United Auto Workers President Bob King confidently predicted in an interview with a German newspaper that his union will be representing workers at a Chattanooga, Tenn., Volkswagen factory by June. UAW has been trying to unionize the factory for years. Success would represent a major inroad for UAW in the traditionally union-averse south.
It not a slam dunk, though. While the UAW has gained the help of its German counterpart, IG Metall, to push the company towards accepting unionization in Chattanooga, it's not clear that that is what the workers there actually want. While the UAW claims to have gotten a majority of workers to sign cards saying they want representation, others have claimed the union has used deceptive practices to do that. A UAW organizer conceded to the Tennessean in October that if they put the matter up to an employee vote, the union would "probably lose."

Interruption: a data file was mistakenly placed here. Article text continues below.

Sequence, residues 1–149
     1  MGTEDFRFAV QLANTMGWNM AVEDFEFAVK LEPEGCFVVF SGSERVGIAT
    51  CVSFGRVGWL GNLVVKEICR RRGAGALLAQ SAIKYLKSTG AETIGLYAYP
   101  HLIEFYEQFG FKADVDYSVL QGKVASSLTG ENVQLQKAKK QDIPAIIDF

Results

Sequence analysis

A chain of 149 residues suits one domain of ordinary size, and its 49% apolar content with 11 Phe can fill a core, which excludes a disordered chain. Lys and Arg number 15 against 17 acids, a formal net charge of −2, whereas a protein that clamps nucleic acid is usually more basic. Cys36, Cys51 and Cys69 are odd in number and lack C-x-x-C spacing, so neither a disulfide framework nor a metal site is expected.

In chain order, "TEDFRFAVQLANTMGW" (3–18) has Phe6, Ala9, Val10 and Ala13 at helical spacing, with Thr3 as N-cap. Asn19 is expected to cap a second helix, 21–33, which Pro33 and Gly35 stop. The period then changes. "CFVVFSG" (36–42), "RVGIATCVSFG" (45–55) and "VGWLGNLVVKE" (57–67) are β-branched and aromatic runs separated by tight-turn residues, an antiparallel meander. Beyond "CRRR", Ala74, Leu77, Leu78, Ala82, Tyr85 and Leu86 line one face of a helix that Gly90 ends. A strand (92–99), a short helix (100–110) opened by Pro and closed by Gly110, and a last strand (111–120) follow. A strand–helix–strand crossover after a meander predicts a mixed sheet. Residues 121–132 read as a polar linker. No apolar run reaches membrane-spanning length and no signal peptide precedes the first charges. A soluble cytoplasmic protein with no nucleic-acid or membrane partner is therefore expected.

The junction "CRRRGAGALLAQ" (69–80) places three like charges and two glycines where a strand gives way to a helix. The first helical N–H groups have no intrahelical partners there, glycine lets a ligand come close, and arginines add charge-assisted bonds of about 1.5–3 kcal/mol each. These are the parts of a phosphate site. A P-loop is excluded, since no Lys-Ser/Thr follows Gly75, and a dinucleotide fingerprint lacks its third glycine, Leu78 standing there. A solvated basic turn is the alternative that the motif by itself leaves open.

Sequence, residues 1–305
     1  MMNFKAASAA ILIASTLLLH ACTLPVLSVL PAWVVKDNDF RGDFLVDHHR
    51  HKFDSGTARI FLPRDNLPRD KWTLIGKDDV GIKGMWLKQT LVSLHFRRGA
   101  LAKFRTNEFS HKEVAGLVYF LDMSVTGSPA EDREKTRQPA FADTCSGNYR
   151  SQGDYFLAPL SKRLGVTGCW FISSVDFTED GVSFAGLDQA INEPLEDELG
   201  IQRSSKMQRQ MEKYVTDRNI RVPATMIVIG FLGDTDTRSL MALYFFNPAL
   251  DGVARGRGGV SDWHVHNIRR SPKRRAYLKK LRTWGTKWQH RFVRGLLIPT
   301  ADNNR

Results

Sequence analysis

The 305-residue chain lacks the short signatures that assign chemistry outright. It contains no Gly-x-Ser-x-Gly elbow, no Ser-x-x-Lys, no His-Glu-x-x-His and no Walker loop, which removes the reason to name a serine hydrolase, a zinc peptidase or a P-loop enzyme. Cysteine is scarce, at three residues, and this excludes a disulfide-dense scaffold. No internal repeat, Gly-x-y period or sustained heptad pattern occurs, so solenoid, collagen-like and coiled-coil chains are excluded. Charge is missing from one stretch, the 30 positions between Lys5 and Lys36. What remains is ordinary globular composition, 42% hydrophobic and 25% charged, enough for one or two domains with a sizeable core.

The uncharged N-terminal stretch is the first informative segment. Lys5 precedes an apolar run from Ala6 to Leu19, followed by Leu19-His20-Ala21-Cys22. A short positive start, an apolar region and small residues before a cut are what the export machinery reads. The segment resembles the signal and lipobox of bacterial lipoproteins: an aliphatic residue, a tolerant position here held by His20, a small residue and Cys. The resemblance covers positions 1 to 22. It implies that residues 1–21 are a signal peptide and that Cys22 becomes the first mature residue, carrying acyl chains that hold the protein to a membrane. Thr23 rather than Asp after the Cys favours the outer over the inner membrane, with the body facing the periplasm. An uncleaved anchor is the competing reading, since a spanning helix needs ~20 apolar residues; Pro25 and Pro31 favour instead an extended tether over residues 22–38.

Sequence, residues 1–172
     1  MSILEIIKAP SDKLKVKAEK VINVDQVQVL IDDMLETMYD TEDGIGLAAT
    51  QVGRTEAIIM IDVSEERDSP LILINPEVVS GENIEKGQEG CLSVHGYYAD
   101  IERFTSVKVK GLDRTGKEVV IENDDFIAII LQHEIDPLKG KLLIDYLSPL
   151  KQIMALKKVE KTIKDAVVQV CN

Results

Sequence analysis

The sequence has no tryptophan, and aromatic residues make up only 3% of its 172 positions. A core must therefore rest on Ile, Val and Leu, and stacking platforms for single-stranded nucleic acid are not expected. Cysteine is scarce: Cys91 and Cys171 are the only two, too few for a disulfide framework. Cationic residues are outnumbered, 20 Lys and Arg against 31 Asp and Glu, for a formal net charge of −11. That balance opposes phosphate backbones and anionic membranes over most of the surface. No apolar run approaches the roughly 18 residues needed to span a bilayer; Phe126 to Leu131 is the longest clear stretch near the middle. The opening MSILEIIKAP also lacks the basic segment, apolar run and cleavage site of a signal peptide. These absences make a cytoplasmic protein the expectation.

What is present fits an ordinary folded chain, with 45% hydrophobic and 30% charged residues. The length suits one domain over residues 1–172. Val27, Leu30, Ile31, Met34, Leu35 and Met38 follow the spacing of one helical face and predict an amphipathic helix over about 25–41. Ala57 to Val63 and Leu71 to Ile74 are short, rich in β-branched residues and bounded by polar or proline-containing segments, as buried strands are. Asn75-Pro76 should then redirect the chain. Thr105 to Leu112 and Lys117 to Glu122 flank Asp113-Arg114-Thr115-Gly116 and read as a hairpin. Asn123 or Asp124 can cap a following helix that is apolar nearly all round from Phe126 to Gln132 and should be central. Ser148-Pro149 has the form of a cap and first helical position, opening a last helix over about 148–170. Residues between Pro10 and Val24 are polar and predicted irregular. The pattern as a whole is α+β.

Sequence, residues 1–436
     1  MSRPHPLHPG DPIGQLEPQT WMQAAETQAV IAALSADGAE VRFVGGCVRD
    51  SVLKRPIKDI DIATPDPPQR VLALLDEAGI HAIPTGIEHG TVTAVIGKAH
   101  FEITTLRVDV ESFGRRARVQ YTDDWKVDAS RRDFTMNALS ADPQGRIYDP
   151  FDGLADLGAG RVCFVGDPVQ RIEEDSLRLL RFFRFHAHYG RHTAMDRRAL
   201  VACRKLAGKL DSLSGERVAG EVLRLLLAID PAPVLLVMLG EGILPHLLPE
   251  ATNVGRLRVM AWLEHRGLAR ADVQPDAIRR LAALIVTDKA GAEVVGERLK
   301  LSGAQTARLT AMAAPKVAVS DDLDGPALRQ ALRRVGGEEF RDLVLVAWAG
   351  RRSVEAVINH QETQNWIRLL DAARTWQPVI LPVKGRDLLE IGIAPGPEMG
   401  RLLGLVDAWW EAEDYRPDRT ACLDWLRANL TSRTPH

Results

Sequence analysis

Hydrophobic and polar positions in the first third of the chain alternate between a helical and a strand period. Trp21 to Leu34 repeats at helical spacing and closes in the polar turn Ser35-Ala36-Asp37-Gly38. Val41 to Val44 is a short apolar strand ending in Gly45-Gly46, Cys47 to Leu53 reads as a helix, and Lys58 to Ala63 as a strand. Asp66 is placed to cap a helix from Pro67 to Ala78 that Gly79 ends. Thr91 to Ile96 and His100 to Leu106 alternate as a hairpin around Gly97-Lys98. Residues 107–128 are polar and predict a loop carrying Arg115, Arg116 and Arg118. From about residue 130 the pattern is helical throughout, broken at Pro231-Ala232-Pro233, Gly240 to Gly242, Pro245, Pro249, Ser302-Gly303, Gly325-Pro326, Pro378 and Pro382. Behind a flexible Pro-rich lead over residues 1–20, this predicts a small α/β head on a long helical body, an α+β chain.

King nevertheless told the Frankfurter Allgemeine Zeitung newspaper that he believed that the company wanted a union: "We are also working well with the company. VW has been very fair in its dealings with us and wants its employees to have a voice," he said, according to a report Tuesday by Reuters.
The company has called for a formal vote though. Volkswagen of America's new chief executive, Michael Horn, told the audience at the North American International Auto Show Monday that the company will accept whatever a majority the workers desire: "Democracy is an important part of American culture," he said.
For more on how UAW and IG Metall have tried to push VW towards accepting unionization, see my November column: "Why Big Labor is targeting a Chattanooga Volkswagen plant." For more on the complaints by Chattanooga workers about the tactics used to promote unionization, click here.